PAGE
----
Louisiana had reported about 900 mental health records to the FBI database as of last year.
In 2011, the average number of mental health records submitted by states to the FBI was 22,961, according to a report conducted by national group Mayors Against Illegal Guns. At the time the report was issued, Louisiana had submitted just one record.
This is the latest case of a mass shooting where the gunman perhaps shouldn’t have been able to buy a gun. In 2007, Virginia Tech gunman Seung-Hui Cho bought guns, despite being declared a danger to himself and being subjected to psychiatric treatment in 2005.
Virginia state officials at the time said there had been a breakdown in mental health reporting that allowed Cho to purchase his weapons.
And that incident was a catalyst for increased reporting. Between the shooting and early 2014, mental health records in NICS increased more than 700 percent, according to the Law Center to Prevent Gun Violence.
Daniel Webster, director of the Johns Hopkins Center for Gun Policy and Research, said some states, like New Jersey, give law enforcement more discretion over who can own guns based on comprehensive reviews of criminal activity — not just convictions — and mental illness conditions.
“But for the majority of states, that includes Louisiana, Alabama and Georgia, law enforcement has no role in the decision-making process in who is getting guns,” he said. “It’s basically a background check initiated by someone who will profit from the sale, and the entity that’s vetting it is the FBI in Washington that doesn’t even have all the records oftentimes.”
Webster also said laws tend to facilitate the gun dealer. There’s a three-day waiting period that allows the FBI to weigh in and prohibit a gun sale, but if the gun shop doesn’t hear back then the sale can go through.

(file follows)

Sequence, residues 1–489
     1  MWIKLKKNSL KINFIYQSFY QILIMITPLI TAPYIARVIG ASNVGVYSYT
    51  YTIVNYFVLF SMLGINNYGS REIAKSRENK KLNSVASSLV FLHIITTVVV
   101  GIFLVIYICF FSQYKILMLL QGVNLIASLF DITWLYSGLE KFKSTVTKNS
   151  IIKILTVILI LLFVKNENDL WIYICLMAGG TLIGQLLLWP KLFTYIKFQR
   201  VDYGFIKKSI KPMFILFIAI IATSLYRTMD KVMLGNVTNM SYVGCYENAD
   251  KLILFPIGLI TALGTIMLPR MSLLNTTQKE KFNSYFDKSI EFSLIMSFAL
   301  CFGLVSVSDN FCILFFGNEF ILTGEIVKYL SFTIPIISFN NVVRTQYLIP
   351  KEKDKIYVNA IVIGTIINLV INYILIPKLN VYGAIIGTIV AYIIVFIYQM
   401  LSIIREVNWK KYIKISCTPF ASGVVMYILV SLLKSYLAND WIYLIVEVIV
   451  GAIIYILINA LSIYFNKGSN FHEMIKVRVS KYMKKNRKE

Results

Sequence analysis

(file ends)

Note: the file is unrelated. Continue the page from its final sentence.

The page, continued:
Other experts point out that even if Houser had been denied a gun by the pawn shop, there are often no requirements for background checks in private transfers, so Houser could have easily purchased a gun from a friend, on the Internet or by going to a gun show.
Representatives from the National Rifle Association didn’t respond to emails or phone calls for this story. But in the past, NRA leader Wayne LaPierre has supported the idea of creating a more comprehensive national registry of mentally ill people who should be prohibited from buying guns.
Other signs of mental illness
Houser’s involuntary hospitalization likely should have been the red flag that prevented him from buying a gun, but it was only one of a handful of documented instances that suggested he was a troubled and dangerous person.
His mental competency was first called into question in 1989, after he was accused of hiring a man, who ended up being a police informant, to set fire to a Georgia lawyer’s office. He underwent a psychiatric evaluation at the time and was ultimately deemed competent. A grand jury declined to indict him.
In 2005, his wife made a domestic violence complaint against him in Phenix City, Alabama, that didn’t result in an arrest. But partially because of that, he was denied a concealed-carry pistol permit the following year.
On Saturday, Houser’s brother, Rembert, told The Advocate that his family was mourning for the brother he called “Rusty” and for the people of Lafayette.
“We are sorry this happened; we are searching for answers, too. But I’m not sure there is an answer for this whole mess,” he said, describing his brother as someone who slowly deteriorated over the years. “A mentally ill person is not capable of putting all this together in a logical way and having a reason behind this.”
Staff Writer Maya Lau contributed to this report. Follow Rebekah Allen on Twitter @rebekahallen. For more coverage of city-parish government, follow City Hall Buzz blog at http://blogs.the advocate.com/cityhallbuzz/.
* This article was edited after publication to reflect information learned days later. See this article for more information.